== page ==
Spiteri said that if the government stepped up to provide these newer treatments, it would not need to spend as much as the MCCF was currently spending.

The MCCF pays full retail price each time it orders a cycle of treatment for a single patient. The government, on the other hand, would pay much-reduced wholesale prices since it would be able to order in bulk, having the means to securely store a steady number of treatments.

The PN is recommending the setting up of a Drugs Fund, which would continue accepting donations from willing parties, and administered by the government under strict, clear protocols. The fund would cover cancer treatments, as well as treatment for side effects like nausea and constipation.

Spiteri said that the Opposition’s proposals also including expanding existing screening programmes to reach a higher percentage of the population.

“With newer treatments, the earlier you diagnose a cancer such as breast, colon and prostate cancer, the higher the success rates,” Spiteri said. “If this possibility exists, we should provide it to as many people as possible.”

More widely-available genetic testing programmes would also allow individuals with a strong family history of some types of cancer to seek early medical assistance.

Spiteri said that vast improvements had also been registered in radiotherapy, with new equipment available abroad having proven to be able to drastically limit the damage to healthy tissue. “Introducing the latest generation of radiotherapy equipment would therefore result in a better quality of life for patients after treatment,” he said.

The PN spokesman said the party was also proposing the setting up of a 24-hour walk-in clinic, possibly within the oncology centre at Mater Dei Hospital, where cancer patients would be able to seek immediate medical assistance, without having to go through the Emergency department.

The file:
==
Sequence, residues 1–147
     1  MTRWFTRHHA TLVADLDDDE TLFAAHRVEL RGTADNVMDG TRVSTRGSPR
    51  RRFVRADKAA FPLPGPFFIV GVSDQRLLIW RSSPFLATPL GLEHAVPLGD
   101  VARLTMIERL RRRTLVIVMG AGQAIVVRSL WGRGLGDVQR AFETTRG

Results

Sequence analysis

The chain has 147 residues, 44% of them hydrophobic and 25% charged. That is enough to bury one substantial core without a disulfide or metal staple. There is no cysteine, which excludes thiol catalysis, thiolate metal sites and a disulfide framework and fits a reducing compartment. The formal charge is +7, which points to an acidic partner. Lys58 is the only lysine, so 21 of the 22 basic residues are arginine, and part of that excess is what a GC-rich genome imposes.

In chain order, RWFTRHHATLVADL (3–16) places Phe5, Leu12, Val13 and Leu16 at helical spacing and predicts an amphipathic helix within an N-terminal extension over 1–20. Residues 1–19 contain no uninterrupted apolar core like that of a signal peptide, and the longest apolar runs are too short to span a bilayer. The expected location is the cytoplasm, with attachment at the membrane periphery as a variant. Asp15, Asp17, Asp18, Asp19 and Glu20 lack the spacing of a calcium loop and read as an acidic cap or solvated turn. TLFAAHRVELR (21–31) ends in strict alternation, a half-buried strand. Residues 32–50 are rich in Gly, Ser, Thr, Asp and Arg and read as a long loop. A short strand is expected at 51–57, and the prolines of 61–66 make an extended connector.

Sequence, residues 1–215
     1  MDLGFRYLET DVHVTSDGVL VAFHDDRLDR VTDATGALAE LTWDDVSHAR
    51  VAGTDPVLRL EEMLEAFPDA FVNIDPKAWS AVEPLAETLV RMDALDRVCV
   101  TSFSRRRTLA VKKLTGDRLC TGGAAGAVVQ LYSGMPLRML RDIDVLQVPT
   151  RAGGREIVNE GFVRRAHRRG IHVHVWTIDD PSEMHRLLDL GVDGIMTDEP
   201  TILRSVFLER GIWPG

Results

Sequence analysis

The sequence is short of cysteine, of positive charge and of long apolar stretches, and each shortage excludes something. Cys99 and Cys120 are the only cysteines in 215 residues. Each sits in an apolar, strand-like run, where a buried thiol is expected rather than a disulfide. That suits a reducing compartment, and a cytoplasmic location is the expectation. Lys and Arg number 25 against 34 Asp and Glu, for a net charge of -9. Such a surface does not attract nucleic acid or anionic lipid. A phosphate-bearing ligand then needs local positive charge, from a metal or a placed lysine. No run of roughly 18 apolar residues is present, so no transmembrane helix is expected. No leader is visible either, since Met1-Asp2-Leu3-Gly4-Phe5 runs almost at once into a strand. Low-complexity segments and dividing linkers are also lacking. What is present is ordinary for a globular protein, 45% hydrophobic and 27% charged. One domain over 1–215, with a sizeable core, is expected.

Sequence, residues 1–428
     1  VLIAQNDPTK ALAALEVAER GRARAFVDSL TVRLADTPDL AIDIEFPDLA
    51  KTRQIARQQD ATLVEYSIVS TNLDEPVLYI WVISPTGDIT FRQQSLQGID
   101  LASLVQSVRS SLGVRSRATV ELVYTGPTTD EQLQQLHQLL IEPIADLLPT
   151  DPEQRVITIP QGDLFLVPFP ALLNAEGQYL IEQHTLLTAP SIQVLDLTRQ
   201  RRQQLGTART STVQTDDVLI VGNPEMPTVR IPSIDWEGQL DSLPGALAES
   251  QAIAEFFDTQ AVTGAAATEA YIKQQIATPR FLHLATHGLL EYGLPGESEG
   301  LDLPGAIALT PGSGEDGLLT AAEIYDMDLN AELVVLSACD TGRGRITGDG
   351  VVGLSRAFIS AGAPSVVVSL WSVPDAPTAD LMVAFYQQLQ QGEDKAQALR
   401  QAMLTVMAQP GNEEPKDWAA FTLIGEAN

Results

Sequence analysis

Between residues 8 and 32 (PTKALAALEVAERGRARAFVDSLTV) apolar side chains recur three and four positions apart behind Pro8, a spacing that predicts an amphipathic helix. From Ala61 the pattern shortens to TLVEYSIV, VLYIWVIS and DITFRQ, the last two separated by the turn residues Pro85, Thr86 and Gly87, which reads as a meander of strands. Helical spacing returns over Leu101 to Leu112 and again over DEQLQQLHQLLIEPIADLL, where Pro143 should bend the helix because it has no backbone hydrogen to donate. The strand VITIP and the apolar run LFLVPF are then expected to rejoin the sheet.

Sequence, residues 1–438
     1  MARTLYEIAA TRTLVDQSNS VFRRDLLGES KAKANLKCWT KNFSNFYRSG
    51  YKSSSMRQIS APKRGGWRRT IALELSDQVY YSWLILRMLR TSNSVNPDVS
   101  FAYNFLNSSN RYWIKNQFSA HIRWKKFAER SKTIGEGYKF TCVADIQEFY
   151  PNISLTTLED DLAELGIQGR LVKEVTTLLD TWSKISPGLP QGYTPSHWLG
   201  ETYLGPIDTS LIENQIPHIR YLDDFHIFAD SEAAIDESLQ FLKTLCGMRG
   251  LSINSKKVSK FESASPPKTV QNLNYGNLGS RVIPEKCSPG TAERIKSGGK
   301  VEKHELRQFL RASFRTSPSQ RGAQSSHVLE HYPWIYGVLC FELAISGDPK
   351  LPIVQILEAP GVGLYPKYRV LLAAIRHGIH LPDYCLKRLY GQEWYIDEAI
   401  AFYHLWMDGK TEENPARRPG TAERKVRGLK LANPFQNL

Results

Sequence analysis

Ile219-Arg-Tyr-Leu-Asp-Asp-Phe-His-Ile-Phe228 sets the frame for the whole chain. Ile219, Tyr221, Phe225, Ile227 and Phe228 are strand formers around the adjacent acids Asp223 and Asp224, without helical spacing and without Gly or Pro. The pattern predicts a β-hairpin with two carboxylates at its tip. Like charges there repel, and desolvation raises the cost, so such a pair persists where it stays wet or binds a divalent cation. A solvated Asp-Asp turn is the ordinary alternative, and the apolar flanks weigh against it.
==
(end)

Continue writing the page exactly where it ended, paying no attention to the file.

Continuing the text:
Other proposals include providing cancer patients with specialised electronic devices that would allow them to contact a specialist directly in the case of a medical emergency.

Ambulatory chemotherapy should also be considered, the PN believes, in the case of patients who specialists believe are capable of administering the treatment themselves at home, under approved conditions, thus also easing the pressure on the oncology centre.

And Spiteri believes that expanding the country’s research and innovation capabilities, possibly developing a well-funded hub in Malta, would attract global financing as well as specialists in the field.

“Malta should also look to building solid bilateral relationships with other countries to ensure an exchange of treatments, equipment and research and to keep abreast of innovation in the field,” Spiteri said.

“Having such bilateral agreements with countries like Germany, Italy and Israel would allow us to offer cancer patients in Malta the best possible treatment available anywhere.”